Tuesday, July 03, 2012

“Open up an acorn, and you can see a fully-formed tiny baby tree in there”

Garrison (#364):

You seem to suggest that the Roman Church sees herself as being born fully as she appears and exists in the current day like Athena from Zeus’ skull. That is not the truth, and I know of no one who seriously contends such a thing.

The Roman Church did teach that, all the way through the 17th century. At the very least, the Council of Trent, believed and taught such a thing. That’s what the phrase semper eadem was all about. It was only after the Reformation and the enlightenment began to point out certain discrepancies, that someone like Newman was required to address “certain apparent variations in teaching”, among other things. At one time, the Roman Church did see itself as being born fully, and in “essence”, Bryan and others here have argued that absolutely nothing was lacking in “the Church that Christ founded”. That’s what it means to say Christ “founded a visible church”. Open up an acorn, and you can see a fully-formed tiny baby tree in there, with all the things it will have as an adult tree.

You [JB] said:
“The canon of Scripture was the determining factor in ongoing ‘orthodoxy’ (beginning with Irenaeus and Tertullian, in the way that Cullmann explains it), and yes, ‘Scripture alone’ was God’s intended method for seeing to it that the gates of hell do not prevail against the church.”

An assertion so far without evidence.

It’s argued strenuously by Cullmann, whose entire work I have not reproduced here. If I could, I would. That is his conclusion. My first comment here was to recommend the work of Michael Kruger, Canon Revisited. I’ve placed Kruger’s conclusions in juxtaposition with the 1962 Joseph Ratzinger essay “Primacy, Episcopacy, and Successio Apostolica”, where then-theologian Ratzinger says, at some length:

We should not deceive ourselves: the existence of New Testament writings, recognized as being “apostolic”, does not yet imply the existence of a “New Testament” as “Scripture”—there is a long way from the writings to Scripture. It is well known, and should not be overlooked, that the New Testament does not anywhere understand itself as “Scripture”; “Scripture” is, for the New Testament, simply the Old Testament, while the message about Christ is precisely “spirit”, which teaches us how to understand Scripture.” The idea of a “New Testament” as “Scripture” is still quite inconceivable at this point—even when “office”, as the form of the paradosis, is already clearly taking shape” (Ratzinger, 25).

Kruger’s point, however, (which has been examined and confirmed from different viewpoints by such scholars as Oscar Cullmann and Richard Bauckham) is this (as I’ve summarized him):

“My Sheep Hear My Voice”. Thus, Kruger begins his chapter outlining what he calls the “Canon as Self-Authenticating” model. It is noteworthy that he re-affirms what Calvin said of Scripture in his Institutes. “God alone is a fit witness of himself in his Word….Scripture is indeed self-authenticated.” (from Institutes 1.7.4-5). He cites also Reformed writers such as Francis Turretin and Herman Bavinck:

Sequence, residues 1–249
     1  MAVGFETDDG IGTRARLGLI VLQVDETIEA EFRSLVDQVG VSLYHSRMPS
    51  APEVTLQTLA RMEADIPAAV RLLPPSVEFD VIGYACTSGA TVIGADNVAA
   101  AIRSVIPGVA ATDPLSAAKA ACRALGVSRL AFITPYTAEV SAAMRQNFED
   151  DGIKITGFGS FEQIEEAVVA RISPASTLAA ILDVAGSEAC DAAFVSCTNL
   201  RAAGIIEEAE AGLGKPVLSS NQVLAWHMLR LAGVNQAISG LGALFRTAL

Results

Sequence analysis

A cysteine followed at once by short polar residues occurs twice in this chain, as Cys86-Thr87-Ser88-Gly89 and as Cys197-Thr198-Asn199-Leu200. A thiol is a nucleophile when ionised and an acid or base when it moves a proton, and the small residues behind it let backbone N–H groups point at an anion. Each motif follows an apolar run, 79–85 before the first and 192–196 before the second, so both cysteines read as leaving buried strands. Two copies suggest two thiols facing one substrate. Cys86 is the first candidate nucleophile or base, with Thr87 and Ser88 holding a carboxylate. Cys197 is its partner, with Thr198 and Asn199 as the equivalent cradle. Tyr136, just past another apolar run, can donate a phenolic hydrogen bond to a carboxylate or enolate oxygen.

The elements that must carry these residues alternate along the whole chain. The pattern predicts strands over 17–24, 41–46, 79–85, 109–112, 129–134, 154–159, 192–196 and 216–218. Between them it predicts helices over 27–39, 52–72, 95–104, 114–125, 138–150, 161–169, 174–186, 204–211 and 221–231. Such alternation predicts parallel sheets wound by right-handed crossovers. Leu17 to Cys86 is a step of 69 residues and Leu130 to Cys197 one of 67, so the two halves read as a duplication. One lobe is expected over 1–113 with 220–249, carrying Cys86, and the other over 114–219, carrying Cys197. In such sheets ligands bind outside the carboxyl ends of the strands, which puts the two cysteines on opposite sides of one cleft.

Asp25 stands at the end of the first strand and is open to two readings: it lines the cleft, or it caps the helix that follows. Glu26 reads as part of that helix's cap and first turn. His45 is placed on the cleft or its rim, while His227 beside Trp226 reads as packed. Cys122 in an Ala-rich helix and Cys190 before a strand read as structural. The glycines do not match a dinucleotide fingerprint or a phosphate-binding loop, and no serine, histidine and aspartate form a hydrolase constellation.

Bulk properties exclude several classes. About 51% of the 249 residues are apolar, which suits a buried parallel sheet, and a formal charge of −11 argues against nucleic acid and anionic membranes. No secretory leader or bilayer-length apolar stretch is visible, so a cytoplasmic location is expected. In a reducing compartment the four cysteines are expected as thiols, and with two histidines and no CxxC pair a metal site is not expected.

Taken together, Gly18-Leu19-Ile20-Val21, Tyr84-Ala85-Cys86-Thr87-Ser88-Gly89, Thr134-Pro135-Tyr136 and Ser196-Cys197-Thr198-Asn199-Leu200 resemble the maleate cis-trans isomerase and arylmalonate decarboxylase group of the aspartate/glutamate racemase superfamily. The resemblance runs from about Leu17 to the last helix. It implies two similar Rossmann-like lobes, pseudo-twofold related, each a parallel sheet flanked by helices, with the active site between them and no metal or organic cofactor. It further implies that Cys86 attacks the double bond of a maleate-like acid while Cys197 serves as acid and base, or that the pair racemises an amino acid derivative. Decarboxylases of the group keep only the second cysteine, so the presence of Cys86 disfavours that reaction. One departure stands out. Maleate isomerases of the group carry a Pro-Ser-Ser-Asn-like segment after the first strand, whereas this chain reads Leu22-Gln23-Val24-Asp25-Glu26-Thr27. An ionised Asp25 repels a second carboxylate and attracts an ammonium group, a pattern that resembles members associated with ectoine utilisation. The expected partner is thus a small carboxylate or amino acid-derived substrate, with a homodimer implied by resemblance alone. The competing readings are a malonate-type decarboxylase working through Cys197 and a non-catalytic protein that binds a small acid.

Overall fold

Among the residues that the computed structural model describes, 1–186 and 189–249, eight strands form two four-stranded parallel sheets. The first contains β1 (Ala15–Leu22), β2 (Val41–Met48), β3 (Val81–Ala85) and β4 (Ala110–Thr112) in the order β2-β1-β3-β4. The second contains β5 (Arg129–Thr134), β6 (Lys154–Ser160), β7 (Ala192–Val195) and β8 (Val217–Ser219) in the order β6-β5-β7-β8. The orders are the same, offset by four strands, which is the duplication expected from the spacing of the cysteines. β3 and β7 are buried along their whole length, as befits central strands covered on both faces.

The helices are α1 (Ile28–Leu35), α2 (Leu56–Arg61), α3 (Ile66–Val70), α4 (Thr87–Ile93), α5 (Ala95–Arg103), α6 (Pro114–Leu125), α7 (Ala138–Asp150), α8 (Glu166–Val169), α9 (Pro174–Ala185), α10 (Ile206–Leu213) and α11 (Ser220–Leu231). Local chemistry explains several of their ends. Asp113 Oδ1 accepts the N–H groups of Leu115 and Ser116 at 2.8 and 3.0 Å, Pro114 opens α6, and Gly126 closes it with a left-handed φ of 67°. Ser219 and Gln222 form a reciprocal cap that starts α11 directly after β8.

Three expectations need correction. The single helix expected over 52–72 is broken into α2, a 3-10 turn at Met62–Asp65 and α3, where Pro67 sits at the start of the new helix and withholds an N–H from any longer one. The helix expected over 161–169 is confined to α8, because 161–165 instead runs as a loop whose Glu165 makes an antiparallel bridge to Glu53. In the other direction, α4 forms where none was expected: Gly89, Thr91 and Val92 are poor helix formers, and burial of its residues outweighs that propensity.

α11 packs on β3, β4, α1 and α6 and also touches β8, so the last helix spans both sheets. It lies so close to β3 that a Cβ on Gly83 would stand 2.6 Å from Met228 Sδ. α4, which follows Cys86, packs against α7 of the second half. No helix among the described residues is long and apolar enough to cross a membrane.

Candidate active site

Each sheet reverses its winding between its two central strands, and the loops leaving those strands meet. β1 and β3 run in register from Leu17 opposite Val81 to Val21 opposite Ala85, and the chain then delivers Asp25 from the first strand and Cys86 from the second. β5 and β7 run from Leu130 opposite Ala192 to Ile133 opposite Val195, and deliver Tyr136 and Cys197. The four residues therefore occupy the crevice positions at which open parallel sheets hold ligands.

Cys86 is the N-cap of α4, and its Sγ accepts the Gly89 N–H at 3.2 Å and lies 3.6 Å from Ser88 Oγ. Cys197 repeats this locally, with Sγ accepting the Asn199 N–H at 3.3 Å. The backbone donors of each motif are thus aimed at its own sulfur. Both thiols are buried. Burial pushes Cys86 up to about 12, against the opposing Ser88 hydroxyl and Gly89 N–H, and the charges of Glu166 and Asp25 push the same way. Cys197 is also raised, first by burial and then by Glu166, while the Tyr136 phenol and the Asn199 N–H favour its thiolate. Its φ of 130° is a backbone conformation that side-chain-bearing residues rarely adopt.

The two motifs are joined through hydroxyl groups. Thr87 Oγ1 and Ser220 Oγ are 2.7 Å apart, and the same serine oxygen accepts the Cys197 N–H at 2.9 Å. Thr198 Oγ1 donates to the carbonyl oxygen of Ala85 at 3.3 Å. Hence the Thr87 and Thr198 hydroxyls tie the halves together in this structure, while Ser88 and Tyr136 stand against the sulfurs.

Herman Bavinck reminds us that the church fathers [who had no official certification from Rome] understood Scripture this way: “in the Church Fathers and the Scholastics … [Scripture] rested in itself, was trustworthy in and of itself (αὐτοπιστος), and the primary norm for church and theology” (Kruger, pg 90, citing Bavinck, “Reformed Dogmatics”, Vol 1, pg 452).

Kruger provides the definition of the term he is working with:

…for the purpose of this study, we shall be using the phrase self-authenticating in a broader fashion than was typical for the Reformers. We are not using it to refer only to the fact that canonical books bear divine qualities (although they do) but are using it to refer to the way the canon itself provides the necessary direction and guidance about how it is to be authenticated. In essence, to say that the canon is self-authenticating is simply to recognize that one cannot authenticate the canon without appealing to the canon. It sets the terms for its own validation and investigation. A self-authenticating canon is not just a canon that claims to have authority, nor is it simply a canon that bears internal evidence of authority, but one that guides and determines how that authority is to be established (91).

Of course he will look to external criteria as well. But as he says, “The canon, as God’s word, is not just true, but the criterion of truth. It is an ultimate authority … thus, for ultimate authorities to be ultimate authorities, they have to be the standard for their own authentication. You cannot account for them without using them” (91).

So, Sola Scriptura is in the Bible. Among other things, the New Testament canon “speaks for itself” (159).

Now, it takes him several hundred pages to make his case. I’ve gotten half way through the book, if you’re really interested in interacting with Kruger’s supposed “argument from silence”. Just because I haven’t reproduced the whole thing here doesn’t mean that it’s an argument that Roman Catholicism doesn’t have to contend with. And no, I’m not going to say that it’s a slam-dunk, but it definitely changes the terms of what has been a 500-year-old disagreement.

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